We came to the chamber and furnace, still standing.  It is the one place I could not bring myself to take a photograph or linger too long.  To stand on the spot where so many people died and were destroyed is a sensation that cannot be described and I will not try.

We then travelled the short distance to Birkenau (Auschwitz 2).  The physical presence of this camp is very different to that of Auschwitz 1. It's sheer size and layout speaks of an industrial level plan, to take 100,000. It is systematic and designed for its only purpose.

As you walk through the gate and see the long extended railway track surrounded as far as you can see with the actual huts,laid out around them you can only start to imagine the impression made on each trainload of people as they arrived.

Arek Hersh (88 year old survivor of this camp) spoke to us as we gathered around the single cattle truck standing by the railway lines. He described arriving at this very spot with thousands of others and watching as a German military doctor viewed each person and pointed with his thumb to indicate which line they should stand in.

His young mind sensed what the intent was and he moved himself from his allocated line for women, children and the infirm, to that for the men.
He then explained the fate of the line he had left. They were taken immediately to the gas chambers, with no sense of their real fate.
Arek pulled up his sleeve to show the number he would be known by for his time in the camp. He was not allowed a name or any sense of individual identity.
I have questioned myself repeatedly since this, asking myself if I could return to a place of such personal horror and pain. I do not believe I could.

After Arek had spoken we walked alongside the track to the far end of the camp to a memorial area sitting between the ruins of the remaining gas chambers.  The camp had been kept open for us and, as the dark started to settle, a service began.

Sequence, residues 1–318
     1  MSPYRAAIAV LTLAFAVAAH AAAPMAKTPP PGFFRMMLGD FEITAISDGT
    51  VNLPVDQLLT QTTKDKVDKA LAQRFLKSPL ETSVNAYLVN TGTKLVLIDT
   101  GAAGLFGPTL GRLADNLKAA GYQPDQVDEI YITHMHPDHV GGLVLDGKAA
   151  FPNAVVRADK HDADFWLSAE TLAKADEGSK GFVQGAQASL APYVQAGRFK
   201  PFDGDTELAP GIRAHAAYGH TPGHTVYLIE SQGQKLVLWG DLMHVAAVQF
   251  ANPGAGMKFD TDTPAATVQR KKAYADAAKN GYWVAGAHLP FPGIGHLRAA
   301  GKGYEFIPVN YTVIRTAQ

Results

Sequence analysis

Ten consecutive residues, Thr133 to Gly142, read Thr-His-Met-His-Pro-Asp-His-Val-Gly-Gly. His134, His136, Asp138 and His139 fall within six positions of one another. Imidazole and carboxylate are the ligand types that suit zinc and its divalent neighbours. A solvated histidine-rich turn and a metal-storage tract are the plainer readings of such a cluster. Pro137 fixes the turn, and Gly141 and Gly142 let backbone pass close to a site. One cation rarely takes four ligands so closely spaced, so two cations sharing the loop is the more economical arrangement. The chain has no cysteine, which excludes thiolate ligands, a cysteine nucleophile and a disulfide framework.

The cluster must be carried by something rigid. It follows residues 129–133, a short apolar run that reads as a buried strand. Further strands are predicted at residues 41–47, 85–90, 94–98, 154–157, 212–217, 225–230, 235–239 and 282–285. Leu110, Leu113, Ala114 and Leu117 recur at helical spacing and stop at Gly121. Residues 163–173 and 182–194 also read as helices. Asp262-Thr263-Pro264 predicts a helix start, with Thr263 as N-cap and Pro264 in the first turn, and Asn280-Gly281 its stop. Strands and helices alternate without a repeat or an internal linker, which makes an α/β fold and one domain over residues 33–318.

Towards the end of this Albi Chait, Chazon of UHC Shul and trip leader, sang the Memorial Prayer which cut through the still night air.  As he sang I turned and looked through the shadows of the camp at what must count as one of the most moving moments of my life.  These words, sung in Hebrew, carried intense pain, grief and longing for so many that had been lost.  But it also carried a sense of final victory over those that had attempted to destroy the Jewish people and all those others who did not fit the 'perfect world' of the Third Reich.
By this time my legs had decided that enough was enough and I set off with Lindsay Seaton and Hayley Mann to start the long walk back through the camp ahead of the main party.  As I took my slow and uneven steps I also reflect on the fact that many of those who had come to the camp may well have stumbled and fallen, weakened by starvation, cold and injury, on the same spots my feet rested on.  They, however, did not have a chance to take those steps out through the gates and to a full life nor have people like my colleagues to walk alongside me.
This is a personal reflection on a day that I had the privilege to take part in. Every person will have their own thoughts on what we saw and heard. I hope I have recorded what I heard accurately but if not please excuse the errors, it is all written from memory.  Please take this as it is intended and I hope that no-one is offended or upset by what I have shared.